12 Songs, 1 Hour 4 Minutes

EDITORS’ NOTES

Nico Muhly is known both as a classical composer and as an arranger who’s worked with pop acts such as Björk, Grizzly Bear, and Antony & The Johnsons. His 2008 release, Mothertongue, with its combination of minimalism, folk, electronica, and other elements, is hard to place stylistically. But A Good Understanding focuses on another dimension of Muhly’s musical personality: the lover and composer of choral music. Musical director Grant Gershon and the Los Angeles Master Chorale perform six of the young artist’s works on this thoroughly enjoyable album. It’s not only the vocal music that shines here: percussion and organ bring interesting textures and rhythms to the title cut, and “Senex Puerum Portabat” features striking brass writing that nicely contrasts with the choir. “Expecting the Main Things from You” compellingly sets the poetry of Walt Whitman to music. The first movement’s percussive effects, which lean toward the programmatic, lend color to the overall sound. After a quiet interlude, forceful, minimalist rhythms appear in the third section, before the piece closes with celestial vocals, bells and strings.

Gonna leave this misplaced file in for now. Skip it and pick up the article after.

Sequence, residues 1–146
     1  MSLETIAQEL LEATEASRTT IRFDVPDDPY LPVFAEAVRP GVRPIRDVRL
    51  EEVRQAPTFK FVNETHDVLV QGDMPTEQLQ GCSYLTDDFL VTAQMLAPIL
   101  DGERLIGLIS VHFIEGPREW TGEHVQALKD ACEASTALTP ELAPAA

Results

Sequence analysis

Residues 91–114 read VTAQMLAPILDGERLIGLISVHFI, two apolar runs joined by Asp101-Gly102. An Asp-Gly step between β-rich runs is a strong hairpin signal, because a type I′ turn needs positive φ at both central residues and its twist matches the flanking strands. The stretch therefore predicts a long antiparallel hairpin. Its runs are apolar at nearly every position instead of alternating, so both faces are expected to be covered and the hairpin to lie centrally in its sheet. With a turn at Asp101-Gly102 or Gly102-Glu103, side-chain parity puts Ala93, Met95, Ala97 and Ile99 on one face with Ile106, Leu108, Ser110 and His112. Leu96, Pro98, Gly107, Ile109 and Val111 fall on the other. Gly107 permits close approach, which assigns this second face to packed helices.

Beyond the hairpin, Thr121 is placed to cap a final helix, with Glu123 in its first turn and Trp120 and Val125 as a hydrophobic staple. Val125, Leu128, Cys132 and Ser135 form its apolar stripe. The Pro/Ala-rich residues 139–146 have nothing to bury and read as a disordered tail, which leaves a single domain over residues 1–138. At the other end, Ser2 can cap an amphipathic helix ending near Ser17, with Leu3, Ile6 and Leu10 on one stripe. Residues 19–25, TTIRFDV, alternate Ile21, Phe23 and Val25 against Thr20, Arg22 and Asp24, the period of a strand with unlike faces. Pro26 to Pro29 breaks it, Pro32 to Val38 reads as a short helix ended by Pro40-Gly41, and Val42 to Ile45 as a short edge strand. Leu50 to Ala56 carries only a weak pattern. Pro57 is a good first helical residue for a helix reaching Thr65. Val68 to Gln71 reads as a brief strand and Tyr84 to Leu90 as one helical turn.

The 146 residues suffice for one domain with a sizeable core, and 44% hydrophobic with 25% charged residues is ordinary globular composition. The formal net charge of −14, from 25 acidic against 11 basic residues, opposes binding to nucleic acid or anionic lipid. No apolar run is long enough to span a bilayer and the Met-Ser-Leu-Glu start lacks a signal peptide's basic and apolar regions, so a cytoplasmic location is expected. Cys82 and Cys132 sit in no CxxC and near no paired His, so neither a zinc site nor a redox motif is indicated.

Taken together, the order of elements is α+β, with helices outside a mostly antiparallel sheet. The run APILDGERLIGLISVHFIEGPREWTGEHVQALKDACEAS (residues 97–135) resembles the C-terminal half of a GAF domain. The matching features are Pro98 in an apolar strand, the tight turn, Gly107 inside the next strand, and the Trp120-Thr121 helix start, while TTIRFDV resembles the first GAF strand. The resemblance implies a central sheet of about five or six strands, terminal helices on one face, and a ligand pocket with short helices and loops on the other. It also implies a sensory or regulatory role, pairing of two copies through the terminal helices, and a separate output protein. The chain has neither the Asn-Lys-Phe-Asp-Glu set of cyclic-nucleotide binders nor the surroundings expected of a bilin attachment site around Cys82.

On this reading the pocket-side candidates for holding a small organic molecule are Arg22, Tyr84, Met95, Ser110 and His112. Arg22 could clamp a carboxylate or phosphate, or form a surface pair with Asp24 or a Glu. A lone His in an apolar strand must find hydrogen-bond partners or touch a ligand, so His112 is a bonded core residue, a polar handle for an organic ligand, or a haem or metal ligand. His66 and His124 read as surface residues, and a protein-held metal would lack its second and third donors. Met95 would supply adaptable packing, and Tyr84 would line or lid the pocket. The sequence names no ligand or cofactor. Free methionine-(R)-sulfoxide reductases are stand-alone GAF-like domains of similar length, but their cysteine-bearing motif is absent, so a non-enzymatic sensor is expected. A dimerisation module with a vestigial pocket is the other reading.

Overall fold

EDITORS’ NOTES

Nico Muhly is known both as a classical composer and as an arranger who’s worked with pop acts such as Björk, Grizzly Bear, and Antony & The Johnsons. His 2008 release, Mothertongue, with its combination of minimalism, folk, electronica, and other elements, is hard to place stylistically. But A Good Understanding focuses on another dimension of Muhly’s musical personality: the lover and composer of choral music. Musical director Grant Gershon and the Los Angeles Master Chorale perform six of the young artist’s works on this thoroughly enjoyable album. It’s not only the vocal music that shines here: percussion and organ bring interesting textures and rhythms to the title cut, and “Senex Puerum Portabat” features striking brass writing that nicely contrasts with the choir. “Expecting the Main Things from You” compellingly sets the poetry of Walt Whitman to music. The first movement’s percussive effects, which lean toward the programmatic, lend color to the overall sound. After a quiet interlude, forceful, minimalist rhythms appear in the third section, before the piece closes with celestial vocals, bells and strings.

TITLE TIME

More By Los Angeles Master Chorale & Grant Gershon

ORIGIN
Los Angeles, CA
FORMED
1964

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